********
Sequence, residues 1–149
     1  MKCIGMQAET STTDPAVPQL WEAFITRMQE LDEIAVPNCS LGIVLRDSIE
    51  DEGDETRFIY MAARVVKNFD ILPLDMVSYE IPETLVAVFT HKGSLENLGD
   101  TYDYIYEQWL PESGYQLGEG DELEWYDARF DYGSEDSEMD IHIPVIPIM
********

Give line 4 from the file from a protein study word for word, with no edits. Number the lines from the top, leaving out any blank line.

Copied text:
   101  TYDYIYEQWL PESGYQLGEG DELEWYDARF DYGSEDSEMD IHIPVIPIM